Positive macroeconomic growth will be one of the key factors influencing new vehicle sales next year, according to Naamsa’s annual report.

Positive macroeconomic growth will be one of the key factors influencing new vehicle sales next year, according to Naamsa’s annual report.

The report, released on Thursday, found that low interest rates and inflation would ensure that the current buoyant vehicle sales environment continued into 2005.

Tracking activities and trends in the automobile industry, the report says there is likely to be a ten per cent increase in vehicle sales next year, and that total vehicle sales this year will total 425 000. This is up from last year’s 368 470.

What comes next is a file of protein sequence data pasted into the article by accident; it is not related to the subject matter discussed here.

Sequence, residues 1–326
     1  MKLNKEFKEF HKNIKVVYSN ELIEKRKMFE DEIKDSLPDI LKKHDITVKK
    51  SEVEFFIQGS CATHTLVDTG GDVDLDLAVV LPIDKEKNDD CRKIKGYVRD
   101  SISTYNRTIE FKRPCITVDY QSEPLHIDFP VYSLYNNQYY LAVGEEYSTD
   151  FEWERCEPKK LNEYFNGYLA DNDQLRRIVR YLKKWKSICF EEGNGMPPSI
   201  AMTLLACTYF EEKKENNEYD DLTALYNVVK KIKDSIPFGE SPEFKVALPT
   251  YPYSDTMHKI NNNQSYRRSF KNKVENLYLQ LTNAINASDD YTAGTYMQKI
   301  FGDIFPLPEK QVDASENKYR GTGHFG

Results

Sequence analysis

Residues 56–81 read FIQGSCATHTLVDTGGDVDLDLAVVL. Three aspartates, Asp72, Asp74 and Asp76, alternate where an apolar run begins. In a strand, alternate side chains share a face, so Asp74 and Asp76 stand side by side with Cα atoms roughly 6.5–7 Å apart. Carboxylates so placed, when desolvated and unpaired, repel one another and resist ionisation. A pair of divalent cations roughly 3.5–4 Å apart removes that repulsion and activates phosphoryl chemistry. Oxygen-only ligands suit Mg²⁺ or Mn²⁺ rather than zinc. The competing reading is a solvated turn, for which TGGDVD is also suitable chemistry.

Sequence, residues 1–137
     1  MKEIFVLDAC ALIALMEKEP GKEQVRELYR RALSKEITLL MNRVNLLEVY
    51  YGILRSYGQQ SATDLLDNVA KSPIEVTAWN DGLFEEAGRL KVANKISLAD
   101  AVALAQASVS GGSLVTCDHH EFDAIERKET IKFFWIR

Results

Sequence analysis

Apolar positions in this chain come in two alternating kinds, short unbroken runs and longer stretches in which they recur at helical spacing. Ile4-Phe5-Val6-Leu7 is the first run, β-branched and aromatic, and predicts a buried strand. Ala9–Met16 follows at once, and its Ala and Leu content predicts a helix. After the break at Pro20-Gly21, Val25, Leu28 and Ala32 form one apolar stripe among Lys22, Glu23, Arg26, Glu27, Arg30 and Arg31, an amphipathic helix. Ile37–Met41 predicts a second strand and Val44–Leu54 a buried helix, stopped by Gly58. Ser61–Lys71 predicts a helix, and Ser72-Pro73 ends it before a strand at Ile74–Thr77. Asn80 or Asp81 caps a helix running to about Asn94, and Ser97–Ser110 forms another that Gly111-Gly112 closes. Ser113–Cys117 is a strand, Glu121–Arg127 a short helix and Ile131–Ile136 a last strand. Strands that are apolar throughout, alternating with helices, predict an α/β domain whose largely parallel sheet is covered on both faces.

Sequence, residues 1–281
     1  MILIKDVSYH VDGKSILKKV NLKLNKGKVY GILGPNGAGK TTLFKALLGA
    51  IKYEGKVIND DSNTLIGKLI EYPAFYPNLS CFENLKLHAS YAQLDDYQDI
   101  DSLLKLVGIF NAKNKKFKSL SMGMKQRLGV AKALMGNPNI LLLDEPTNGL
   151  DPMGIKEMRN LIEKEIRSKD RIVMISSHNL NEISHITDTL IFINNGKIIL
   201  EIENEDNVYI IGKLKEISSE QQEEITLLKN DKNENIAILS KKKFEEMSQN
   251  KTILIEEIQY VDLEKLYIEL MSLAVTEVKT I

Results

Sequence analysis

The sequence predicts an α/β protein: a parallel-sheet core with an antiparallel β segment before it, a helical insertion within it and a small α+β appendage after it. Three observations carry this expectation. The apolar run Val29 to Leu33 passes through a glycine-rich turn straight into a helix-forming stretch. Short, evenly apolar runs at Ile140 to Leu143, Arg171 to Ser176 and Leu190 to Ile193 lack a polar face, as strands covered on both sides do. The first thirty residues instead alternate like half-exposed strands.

According to newspaper reports, manufacturing in 2004 is expected to top 459 000 units and increase by 15 per cent to 530 000 next year. The report found that under the Motor Industry Development Programme, vehicle exports have gone from just under 16 000 units in 1995, to more than 120 000 in 2004.

Local production growth last year, at 4,2 per cent, was greater than the international average of 2,9 per cent The report also noted that exporters would continue to be pressured by the rand’s strong performance while domestic vehicle price were likely to reflect “above average wage increases” and higher steel prices.

Naamsa found that over the past five years, employment within the industry had grown by a steady rate, despite some losses in the production and component sectors. Projected rises in production for 2005 could see more jobs created in the industry as well.